The World In Our Time, A Memoir
Rs 399 pp 364
The past is a foreign country. They do things differently there. If LP Hartley, the author of this proverbial line, considered adding a qualifier, it could be about historians writing their memoirs because they are privileged to have done the things themselves, and lived to tell the tale. Of course, all sorts of people dip into the past to write their stories, from priests to prostitutes, and saints to charlatans. But historians are trained in the art of surveying the foreign country. Their memoirs are therefore read with twin expectations: as insight into scholarly lives, and as an eye-witness report on the past.
Oxford don Tapan Raychaudhuri, regarded as an authority on South Asian history, has brought into his memoir an extra quality readability. The World in our Time is a page-turner. It has stories, spectacles and drama, not to speak of a laugh every few pages. And it is largely due to Raychaudhuris superior skill as a raconteur that the reader travels across continents and ages without any culture shock. At one end is the fine watercolour portrayal of the Chekhovian world of the East Bengali zamindar estate in which he grew up, its joys and secrets, its bewildering cast of characters and kinships, until the 1947 Partition approached and one heard the sound of the axe.
The flow of Raychaudhuris narrative remains undiminished as he describes his climb up the career ladder, through Calcutta and Delhi to Oxford, to join the high table in the city of dreaming spires. The vistas that unfold are captivating: ranging from the colonial world clattering down in the midst of a communal frenzy to the first taste of living globally in post-War Oxford, an interlude of Delhis venal bureaucracy, and finally the memorable pen-portraits of his British academic colleagues and friends.
Some of the portraits are intense, like that of his Oxford neighbour Nirad C Chaudhuri, whose bad reputation in India stems from his Kipling-like contempt for his contemporary countrymen. Though Raychaudhuri paints him as a man with well-rounded views, and justly highlights his legendary scholarship, what is interesting is the explanation offered for Chaudhuris oddities. According to him, Chaudhuri, like many of his contemporaries, lived wasted lives in clerical jobs and, instead of blaming it on British rulers for creating little opportunities to channelise talent, held his own Bengali race responsible for his misfortune. But why was he so wrong in his judgment? The authors defence of Chaudhuri falls short of ruling out the possibility of individual nuttiness in the man known to have walked to work in the Delhi summer in a three-piece suit, with street urchins screaming Johnnie Walker along the way.
Raychaudhuri calls himself a yokel from East Bengal who gets foul-mouthed when enraged. However, the book shows a pattern in his angry outbursts, the targets being either long dead or not hopeful of having much voice in the rarefied scholarly atmosphere of Oxford. He has spent pages lambasting the persistent British notion that their empire was not a bad thing after all for the Indian people. Sure the empire was evil, but his argument that the empire was bad but Britain was good leaves the Indian reader groping for an answer to a familiar question: would we have been better placed if Clive lost the battle in 1757?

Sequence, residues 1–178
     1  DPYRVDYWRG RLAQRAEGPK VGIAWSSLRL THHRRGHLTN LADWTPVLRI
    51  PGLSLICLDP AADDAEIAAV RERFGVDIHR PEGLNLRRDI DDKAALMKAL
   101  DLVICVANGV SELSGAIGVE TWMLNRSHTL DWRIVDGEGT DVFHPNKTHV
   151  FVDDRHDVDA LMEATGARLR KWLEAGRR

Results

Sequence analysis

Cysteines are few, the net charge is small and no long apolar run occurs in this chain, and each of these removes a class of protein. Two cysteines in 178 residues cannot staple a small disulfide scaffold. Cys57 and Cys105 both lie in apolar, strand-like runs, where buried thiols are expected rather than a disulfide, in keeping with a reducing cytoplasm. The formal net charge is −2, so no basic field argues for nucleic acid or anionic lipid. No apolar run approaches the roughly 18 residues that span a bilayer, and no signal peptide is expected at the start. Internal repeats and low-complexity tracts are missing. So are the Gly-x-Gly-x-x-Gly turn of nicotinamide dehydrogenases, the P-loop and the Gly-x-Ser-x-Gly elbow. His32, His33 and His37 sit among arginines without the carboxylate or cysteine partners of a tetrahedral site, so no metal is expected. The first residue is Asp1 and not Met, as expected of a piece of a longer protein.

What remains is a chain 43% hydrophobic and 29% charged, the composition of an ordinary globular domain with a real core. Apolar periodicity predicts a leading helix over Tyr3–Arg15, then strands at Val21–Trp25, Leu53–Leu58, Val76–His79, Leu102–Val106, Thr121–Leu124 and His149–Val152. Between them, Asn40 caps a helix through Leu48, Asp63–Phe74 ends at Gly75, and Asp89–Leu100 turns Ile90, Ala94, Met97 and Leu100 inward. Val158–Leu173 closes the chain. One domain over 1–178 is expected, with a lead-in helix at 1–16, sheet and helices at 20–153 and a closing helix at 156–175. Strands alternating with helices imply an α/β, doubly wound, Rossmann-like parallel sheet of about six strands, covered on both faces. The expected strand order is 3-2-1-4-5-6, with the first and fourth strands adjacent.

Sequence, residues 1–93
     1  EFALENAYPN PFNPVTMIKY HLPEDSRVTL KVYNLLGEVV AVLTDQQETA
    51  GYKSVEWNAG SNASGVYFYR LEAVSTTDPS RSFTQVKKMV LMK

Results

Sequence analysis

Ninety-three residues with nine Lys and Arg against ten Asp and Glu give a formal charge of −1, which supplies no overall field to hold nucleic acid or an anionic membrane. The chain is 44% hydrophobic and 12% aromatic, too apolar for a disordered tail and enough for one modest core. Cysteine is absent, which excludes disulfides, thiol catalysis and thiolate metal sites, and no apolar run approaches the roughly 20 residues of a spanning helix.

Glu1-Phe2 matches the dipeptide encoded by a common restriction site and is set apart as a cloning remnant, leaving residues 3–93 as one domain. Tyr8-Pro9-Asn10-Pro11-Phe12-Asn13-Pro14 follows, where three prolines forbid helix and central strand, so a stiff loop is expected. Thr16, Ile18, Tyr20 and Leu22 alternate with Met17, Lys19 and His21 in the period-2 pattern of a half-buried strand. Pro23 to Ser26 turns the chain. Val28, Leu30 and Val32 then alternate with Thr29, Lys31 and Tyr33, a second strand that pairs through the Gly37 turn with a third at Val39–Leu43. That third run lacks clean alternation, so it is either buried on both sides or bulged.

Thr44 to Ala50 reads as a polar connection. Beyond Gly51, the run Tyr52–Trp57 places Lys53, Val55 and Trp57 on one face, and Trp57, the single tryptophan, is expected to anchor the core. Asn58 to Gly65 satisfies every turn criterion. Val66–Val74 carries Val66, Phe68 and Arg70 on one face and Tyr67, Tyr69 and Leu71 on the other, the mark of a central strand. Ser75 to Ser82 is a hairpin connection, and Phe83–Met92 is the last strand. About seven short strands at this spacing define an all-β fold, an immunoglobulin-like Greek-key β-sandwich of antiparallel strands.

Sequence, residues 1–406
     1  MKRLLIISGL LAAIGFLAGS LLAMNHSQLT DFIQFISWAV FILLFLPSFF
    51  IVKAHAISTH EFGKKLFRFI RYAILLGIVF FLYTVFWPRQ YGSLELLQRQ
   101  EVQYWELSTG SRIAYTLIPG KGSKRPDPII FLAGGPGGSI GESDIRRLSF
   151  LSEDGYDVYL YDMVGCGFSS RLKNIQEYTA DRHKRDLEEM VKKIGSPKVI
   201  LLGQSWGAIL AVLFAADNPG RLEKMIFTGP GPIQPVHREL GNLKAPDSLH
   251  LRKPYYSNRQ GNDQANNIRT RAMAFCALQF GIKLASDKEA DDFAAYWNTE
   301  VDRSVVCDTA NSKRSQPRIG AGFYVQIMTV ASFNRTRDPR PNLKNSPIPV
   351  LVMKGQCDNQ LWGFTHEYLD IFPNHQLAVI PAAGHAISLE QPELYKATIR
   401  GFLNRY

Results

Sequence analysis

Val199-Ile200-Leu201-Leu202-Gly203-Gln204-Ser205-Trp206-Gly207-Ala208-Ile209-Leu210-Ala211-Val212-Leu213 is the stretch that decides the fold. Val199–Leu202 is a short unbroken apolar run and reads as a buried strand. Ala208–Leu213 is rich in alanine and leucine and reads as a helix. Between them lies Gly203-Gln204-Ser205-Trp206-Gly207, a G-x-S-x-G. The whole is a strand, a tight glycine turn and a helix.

However, Eric Hobsbawm, Marxist historian and Raychaudhuris peer, in his autobiography (Interesting Times), addresses the question head-on. He says: I look forward to an American world empire, whose long-term chances are poor, with more fear and less enthusiasm than I look back on the record of the old British Empire, whose modest size protected it against megalomania. Hobsbawm was no doubt muddled: if Curzon and his ilk were not megalomaniac, what were they?
But the British surely left us with a nation (or three, for that matter) for which Raychaudhuri does not conceal his pride. He was born in a dependency. Now, at a ripe 87, he not only has a country of origin but one that has recently honoured him with the Padma Bhushan title. From a man so familiar with India under the British, even a brief foray into the counterfact how different would have been South Asia without the British as masters? could hugely broaden the discourse.
His pet hates, however, are not confined to the Union Jack in India. They include Mrs Thatcher, one of the longest standing sand-boxes of the Oxford community: Her (Mrs Thatcher) social attitudes her promotion of an ideology of everyone for him/herself and let devil take the hindmost... combined to produce in me a feeling of physical sickness whenever she appeared on the television screen. The coalition government in London is cutting grants and raising student fees even now, just as the iron lady attempted in her times. Raychaudhuri doesnt explain how, if she were such a bloodthirsty monster, her idea of ending the UKs culture of entitlement is still finds resonance with a substantial section of the population.
The judgmental part aside, this book is riveting as a travelogue. While researching in The Hague with the Dutch records of the East India trade, Raychaudhuri offers snippets of the land as they were over half a century ago, but with the keen eyes of a culture tourist. the young ladies supplemented their Indisch-Chineesch (Indonesian) meals with multiple gerechten (dishes) with pastries or gebakken covered in slagroom, whipped cream. He returns from England by the land route, eating kebabs laid out on a Baghdad pavement; elsewhere, he participates in the merriment of Pathan passengers on the deck of a Basra-to-Bombay boat, who sang what sounded like fierce war songs but they described the subject as ishq.
The only tirsome aspect in this otherwise breezily-written book is the absence of a page index and explanatory notes on the characters and events mentioned.
Sumit Mitra is a Kolkata-based writer